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Evangeline Chua, Citi Singapore

Building your employer brand with the Millennials



Gathering 50 top regional chief HR and senior business leaders at a three-day business retreat forum, the exclusive HR Innovation Leaders' Summit will happen from September 9-11. Get involved.

With the Millennials’ tendency to start planning their careers early in life, Evangeline Chua, Citi Singapore’s head of human resources, writes about the company’s campus engagement strategy that has benefited nearly 600 students in the past two years.

Engaging the future workforce is a key building block for tomorrow’s success. At Citi, we believe the Millennials or students in tertiary institutions today must be empowered with knowledge and guidance to make informed career choices.

This belief forms the key pivot of Citi’s campus engagement strategy.

As the largest banking sector employer with some 10,000 individuals, Citi is committed to nurturing talent for Singapore.

To better understand the needs and aspirations of the Millennials, Citi actively engages with the students and career services offices of various local universities.

Through ongoing dialogue, we learnt the Millennials tend to start their career planning early, and want to gain first-hand insights into an industry or a company before making their career decisions.

However, even though their school curriculum covers banking and finance, there seems to be a lack of appreciation of the financial industry and the full spectrum of services and products it offers.

Additionally, we realised there is a gap in the engagement between employers, and the first and second-year students in local universities, as most employers only start engaging undergraduates in their penultimate and final years of education.

To address the evolving needs and growing number of Millennials entering the workforce, Citi affected a paradigm shift in the way we thought about engagement with university students.

We believe the way forward is to start engaging and attracting talent early in their tertiary education in order to be the preferred employer brand amongst them.

Senior Citi bankers can provide mentees with career guidance (not necessarily on the banking sector), identification of skill gaps, and open doors to different networking opportunities.

With that in mind, we reviewed our graduate recruitment strategy and launched two new programmes to address the needs of the under-served first and second-year students – the Citi student mentoring programme and the Citi banking 101 foundational programme.

The Citi student mentoring programme, modelled after Citi’s own internal career development mentorship programmes, enables student mentees to gain access to senior Citi bankers.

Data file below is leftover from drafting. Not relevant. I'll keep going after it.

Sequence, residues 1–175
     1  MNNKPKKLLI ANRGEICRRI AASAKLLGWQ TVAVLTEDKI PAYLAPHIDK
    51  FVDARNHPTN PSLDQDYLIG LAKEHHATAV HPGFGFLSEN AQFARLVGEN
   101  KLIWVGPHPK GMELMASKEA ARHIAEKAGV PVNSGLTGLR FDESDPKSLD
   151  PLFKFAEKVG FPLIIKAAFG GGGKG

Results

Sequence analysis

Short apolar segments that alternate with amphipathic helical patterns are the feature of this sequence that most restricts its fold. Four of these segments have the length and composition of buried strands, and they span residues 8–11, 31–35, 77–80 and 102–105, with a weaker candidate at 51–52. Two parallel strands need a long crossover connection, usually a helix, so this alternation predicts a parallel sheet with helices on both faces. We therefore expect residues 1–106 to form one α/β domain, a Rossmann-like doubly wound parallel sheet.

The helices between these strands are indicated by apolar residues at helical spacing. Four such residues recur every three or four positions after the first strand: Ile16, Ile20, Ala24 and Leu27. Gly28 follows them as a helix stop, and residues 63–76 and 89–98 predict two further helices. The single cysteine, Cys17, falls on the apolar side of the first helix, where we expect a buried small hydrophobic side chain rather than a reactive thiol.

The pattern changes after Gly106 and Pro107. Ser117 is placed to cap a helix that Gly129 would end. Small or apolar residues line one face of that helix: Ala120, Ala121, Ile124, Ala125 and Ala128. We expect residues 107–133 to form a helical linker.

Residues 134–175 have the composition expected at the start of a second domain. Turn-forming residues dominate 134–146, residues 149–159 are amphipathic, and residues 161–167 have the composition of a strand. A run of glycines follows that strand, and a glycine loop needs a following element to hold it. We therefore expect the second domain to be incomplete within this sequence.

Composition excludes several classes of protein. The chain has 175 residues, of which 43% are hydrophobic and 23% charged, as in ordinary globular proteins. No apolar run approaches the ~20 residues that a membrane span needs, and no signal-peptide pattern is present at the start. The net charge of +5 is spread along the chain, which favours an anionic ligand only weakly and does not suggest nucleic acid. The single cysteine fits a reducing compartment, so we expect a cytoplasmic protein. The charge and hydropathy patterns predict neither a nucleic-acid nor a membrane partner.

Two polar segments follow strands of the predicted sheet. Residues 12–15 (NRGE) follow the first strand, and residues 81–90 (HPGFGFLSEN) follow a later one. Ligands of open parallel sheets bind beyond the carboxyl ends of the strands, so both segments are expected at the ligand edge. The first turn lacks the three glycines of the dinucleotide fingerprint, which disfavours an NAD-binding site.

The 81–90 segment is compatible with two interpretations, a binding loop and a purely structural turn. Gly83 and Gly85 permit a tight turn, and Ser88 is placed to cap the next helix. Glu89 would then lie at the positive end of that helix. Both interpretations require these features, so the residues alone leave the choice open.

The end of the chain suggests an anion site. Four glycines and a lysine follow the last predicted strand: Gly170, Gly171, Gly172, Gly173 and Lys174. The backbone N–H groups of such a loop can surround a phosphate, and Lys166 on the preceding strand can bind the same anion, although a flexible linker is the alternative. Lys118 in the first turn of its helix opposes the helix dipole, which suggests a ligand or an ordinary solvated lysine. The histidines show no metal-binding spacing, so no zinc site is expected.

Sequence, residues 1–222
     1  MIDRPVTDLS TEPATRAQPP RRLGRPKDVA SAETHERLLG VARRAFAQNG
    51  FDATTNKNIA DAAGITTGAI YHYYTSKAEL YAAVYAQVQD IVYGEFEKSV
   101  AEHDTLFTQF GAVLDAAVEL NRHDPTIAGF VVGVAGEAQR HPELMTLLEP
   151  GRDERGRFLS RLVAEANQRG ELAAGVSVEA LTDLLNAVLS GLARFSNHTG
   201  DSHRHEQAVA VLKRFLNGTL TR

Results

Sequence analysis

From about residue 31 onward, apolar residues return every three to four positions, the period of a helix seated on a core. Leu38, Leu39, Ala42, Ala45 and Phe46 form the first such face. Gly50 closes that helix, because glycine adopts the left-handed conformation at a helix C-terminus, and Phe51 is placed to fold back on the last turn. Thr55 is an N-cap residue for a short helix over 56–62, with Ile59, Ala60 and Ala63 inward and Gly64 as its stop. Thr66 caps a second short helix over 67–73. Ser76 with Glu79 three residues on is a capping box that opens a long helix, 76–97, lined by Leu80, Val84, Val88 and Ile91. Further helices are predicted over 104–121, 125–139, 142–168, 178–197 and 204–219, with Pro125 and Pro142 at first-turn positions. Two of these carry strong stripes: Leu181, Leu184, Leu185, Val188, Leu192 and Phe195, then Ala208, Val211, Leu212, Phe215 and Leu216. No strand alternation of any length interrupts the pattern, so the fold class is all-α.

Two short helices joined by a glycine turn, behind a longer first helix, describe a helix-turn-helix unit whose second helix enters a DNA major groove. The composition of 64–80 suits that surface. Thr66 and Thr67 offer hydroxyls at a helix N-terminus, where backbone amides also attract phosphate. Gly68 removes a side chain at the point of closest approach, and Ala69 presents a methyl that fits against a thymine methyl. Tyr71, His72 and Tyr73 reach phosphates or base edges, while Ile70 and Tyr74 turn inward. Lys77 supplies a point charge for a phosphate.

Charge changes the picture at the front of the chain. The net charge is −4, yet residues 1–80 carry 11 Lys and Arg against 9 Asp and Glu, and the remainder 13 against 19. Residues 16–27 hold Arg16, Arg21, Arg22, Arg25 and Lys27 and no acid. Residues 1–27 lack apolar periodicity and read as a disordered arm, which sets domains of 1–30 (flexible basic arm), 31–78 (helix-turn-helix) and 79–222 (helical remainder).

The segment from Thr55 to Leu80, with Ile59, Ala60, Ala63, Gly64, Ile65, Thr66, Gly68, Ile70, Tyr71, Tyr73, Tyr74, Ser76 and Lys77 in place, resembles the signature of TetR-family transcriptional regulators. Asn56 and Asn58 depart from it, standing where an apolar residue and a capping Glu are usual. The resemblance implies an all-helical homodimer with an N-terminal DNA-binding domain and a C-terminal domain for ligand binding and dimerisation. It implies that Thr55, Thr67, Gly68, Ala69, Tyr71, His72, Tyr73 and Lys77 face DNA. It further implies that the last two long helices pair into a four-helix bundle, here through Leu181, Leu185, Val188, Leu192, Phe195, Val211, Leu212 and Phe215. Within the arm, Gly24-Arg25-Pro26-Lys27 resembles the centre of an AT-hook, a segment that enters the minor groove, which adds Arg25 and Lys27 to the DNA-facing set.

They can provide them with career guidance (not necessarily on the banking sector), identification of skill gaps, and open doors to different networking opportunities.

Some of them even arrange for job shadowing for their mentees.

Our mentors find this programme very refreshing and some even benefited from the reverse mentoring.

For the Citi banking 101 foundational programme, through our conversations with undergraduates, it was evident that not many had a clear understanding of a bank’s functions other than their initial exposure through university modules.

While some companies have job shadowing or business-specific talks, there was no existing programme in the industry with a comprehensive scope to address the knowledge gap in the student community.

With this background in mind, the idea for this programme was conceptualised.

Held over two weeks during the summer break each year, participants have the opportunity to take part in intensive seminars, where 16 banking modules are taught by experienced Citi bankers.

At the end of the two-week programme, participants are required to present their team project to Citi senior executives.

Held over two weeks during the summer break each year, participants have the opportunity to take part in intensive seminars, where 16 banking modules are taught by experienced Citi bankers.

Both programmes have received a lot of positive feedback since their launch two years ago.

One key factor to their success is having the full support of Citi’s senior management team, who participated as mentors, speakers and attended the various networking sessions.

Another contributing factor is the close collaboration between the HR team and various departments across the franchise.

This was done in many ways, be it getting Citi volunteers to give their time to mentor the aspiring students or getting subject matter experts to develop and teach content for the student audience.

Many Citi bankers willingly give their time to be involved in these meaningful initiatives.

Today, Citi is proud to share that these programmes have started to reap rewards, not only in terms of brand-building, but also in terms of recruitment metrics, where nearly 600 students have benefited from both programmes since the launch in 2013.

Our recent win at the Asia Recruitment Awards 2015 is again a testament of Citi’s recruitment efforts and strategy heading in the right direction.

With the entrance of the Millennials into the workspace, it is essential for employers to start engaging with them at campuses to better understand their needs and preferences so as to ensure their successful assimilation into the workplace.



Gathering 50 top regional chief HR and senior business leaders at a three-day business retreat forum, the exclusive HR Innovation Leaders' Summit will happen from September 9-11. Get involved.

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